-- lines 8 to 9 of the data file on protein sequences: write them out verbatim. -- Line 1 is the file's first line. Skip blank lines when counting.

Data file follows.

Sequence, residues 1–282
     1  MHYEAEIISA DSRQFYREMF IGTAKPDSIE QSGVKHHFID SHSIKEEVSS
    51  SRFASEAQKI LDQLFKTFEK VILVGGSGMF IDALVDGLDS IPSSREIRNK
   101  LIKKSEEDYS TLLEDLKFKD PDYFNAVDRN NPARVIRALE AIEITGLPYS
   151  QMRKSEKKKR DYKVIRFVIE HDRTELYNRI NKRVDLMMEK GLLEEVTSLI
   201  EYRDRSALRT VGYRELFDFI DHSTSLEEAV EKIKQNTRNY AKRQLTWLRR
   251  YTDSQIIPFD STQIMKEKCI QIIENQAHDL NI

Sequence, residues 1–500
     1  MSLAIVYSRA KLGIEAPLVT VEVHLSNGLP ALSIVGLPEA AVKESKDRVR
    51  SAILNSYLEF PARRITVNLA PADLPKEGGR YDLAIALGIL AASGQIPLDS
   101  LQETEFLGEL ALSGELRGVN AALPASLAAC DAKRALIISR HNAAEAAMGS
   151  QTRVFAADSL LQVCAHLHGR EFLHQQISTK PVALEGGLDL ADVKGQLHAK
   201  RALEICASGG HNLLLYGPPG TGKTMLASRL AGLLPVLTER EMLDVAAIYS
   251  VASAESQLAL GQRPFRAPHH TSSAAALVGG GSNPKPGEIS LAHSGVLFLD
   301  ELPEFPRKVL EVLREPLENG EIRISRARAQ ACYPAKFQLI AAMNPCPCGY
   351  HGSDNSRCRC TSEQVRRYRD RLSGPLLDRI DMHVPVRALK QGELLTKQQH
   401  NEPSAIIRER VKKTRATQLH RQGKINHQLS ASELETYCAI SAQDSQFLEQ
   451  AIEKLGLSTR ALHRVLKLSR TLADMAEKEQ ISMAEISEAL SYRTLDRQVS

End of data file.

Sequence, residues 1–500
     1  MSLAIVYSRA KLGIEAPLVT VEVHLSNGLP ALSIVGLPEA AVKESKDRVR